Default Re: Thinking ahead, adding an inner forestay to a ketch rig.

    Quote Originally Posted by FlyingGoose View Post
    Hi some nice info on this thread still recent and some good people with good info
    I also have a ketch with a inner fore-stay but still learning this set up
    http://www.ybw.com/forums/showthread...77-Cutter-rigs

    There have been many threads on converting sloops to cutters, your Ketch is little different other than the sail balance issues. The principal problems you will have is finding somewhere below decks that allow you to secure the deck fitting, a good crossbeam is usual. Then do you wand a true cutter rig with the stay running parallel to the forestay about 40% down from the masthead and then to consider how to support it and stop the mast from pumping? Or will you make do with a Solent rig with a 2nd inner forestay close to the main forestay, perhaps on a Hifield lever.
    Silk Purse and sows ear spring to mind.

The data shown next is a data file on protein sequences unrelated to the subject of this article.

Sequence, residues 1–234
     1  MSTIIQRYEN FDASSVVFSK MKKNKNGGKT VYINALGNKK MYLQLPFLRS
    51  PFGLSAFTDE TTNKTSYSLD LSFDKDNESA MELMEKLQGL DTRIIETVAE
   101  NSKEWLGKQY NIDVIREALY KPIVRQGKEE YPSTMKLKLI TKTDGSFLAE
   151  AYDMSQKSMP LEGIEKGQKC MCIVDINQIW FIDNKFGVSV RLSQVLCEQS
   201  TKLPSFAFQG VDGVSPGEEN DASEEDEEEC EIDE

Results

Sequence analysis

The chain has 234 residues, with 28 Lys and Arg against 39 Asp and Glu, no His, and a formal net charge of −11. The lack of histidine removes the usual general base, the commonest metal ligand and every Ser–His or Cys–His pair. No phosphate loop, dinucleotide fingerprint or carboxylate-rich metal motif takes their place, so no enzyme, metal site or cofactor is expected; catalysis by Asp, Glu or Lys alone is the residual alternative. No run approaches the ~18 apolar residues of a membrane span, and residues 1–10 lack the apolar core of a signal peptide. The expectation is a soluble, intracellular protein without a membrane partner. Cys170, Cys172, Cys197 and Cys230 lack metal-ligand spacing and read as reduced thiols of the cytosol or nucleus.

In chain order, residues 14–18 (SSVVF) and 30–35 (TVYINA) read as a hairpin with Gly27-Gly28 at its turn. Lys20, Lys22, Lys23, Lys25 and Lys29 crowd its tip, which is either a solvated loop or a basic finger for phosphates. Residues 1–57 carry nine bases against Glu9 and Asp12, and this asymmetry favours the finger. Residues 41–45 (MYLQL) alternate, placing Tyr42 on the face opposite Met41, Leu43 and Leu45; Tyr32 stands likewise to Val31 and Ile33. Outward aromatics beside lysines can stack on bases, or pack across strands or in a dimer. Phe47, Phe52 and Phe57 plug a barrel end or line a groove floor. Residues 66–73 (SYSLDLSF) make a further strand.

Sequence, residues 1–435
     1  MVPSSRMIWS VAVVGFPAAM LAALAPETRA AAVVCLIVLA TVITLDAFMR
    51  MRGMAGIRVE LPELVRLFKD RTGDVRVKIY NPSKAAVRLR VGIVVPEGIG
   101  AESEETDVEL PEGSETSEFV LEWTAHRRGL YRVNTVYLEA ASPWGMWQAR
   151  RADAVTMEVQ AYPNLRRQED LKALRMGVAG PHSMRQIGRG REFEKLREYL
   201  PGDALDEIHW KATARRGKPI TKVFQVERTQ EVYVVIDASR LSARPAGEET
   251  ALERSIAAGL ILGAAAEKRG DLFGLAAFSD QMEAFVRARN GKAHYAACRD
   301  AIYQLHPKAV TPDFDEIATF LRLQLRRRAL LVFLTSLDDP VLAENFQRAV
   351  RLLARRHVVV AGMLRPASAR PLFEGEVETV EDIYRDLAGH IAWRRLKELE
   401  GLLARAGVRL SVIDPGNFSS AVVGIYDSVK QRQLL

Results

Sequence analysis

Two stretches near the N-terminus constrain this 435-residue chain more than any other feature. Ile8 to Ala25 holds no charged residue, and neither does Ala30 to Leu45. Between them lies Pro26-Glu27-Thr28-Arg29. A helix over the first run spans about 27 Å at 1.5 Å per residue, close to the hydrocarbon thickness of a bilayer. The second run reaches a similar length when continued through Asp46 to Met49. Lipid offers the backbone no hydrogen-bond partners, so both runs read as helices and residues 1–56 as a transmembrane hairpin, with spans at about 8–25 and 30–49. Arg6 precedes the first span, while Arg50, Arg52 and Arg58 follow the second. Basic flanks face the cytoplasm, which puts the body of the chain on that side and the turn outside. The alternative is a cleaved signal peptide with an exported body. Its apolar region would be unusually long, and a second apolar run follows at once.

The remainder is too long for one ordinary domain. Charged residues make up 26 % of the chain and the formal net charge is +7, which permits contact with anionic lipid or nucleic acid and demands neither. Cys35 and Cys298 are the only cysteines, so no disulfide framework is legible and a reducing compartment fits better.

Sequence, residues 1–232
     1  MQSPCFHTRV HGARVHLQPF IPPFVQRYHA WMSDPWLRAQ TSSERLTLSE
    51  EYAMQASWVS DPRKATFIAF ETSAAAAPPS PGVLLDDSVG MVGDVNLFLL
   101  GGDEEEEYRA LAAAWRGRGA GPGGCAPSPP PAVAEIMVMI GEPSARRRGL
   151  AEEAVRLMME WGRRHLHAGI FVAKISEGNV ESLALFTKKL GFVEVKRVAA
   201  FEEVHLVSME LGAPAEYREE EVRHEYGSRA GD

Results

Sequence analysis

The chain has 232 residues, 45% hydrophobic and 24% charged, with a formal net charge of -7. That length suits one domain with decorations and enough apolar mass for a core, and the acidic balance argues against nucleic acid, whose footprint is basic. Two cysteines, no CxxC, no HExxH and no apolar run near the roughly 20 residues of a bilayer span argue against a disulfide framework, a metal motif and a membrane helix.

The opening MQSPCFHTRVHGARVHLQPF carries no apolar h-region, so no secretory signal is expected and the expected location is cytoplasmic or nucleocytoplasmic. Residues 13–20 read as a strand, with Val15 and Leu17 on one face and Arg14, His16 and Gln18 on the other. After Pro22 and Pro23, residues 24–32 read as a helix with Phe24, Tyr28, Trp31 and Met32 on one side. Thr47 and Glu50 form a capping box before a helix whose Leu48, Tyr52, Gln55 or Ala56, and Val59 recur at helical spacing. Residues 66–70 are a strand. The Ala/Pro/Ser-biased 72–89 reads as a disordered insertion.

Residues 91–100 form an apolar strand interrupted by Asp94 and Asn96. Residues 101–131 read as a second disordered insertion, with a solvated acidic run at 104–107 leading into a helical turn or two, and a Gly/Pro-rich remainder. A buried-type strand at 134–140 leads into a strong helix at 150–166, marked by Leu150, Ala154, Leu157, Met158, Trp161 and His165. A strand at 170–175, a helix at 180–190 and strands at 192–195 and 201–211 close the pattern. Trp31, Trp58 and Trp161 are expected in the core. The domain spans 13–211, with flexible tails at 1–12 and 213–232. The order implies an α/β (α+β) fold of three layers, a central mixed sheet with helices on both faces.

Look at how you can manager the existing sail plan and tactics for heavy weather before trying to change the boat.

  4. #4
    Join Date
    Oct 2014
    Location
    Keswick, Cumbria
    Posts
    1,742

    Default Re: Thinking ahead, adding an inner forestay to a ketch rig.

    I don't know much about heavy weather, (or anything else come to that) but I do know that halfway across an ocean is too late to start thinking about changes to the rig. I also know that a furling genoa is not the only headsail option I would want if caught in heavy weather.
    I have 2 reefs in the main, I know I want a third, it just makes sense. I know I want a second forestay, I want the ability to fly a storm jib, and like the idea of a staysail. I don't like the lack of forward visibility when the big genoa is out, (and it is big!)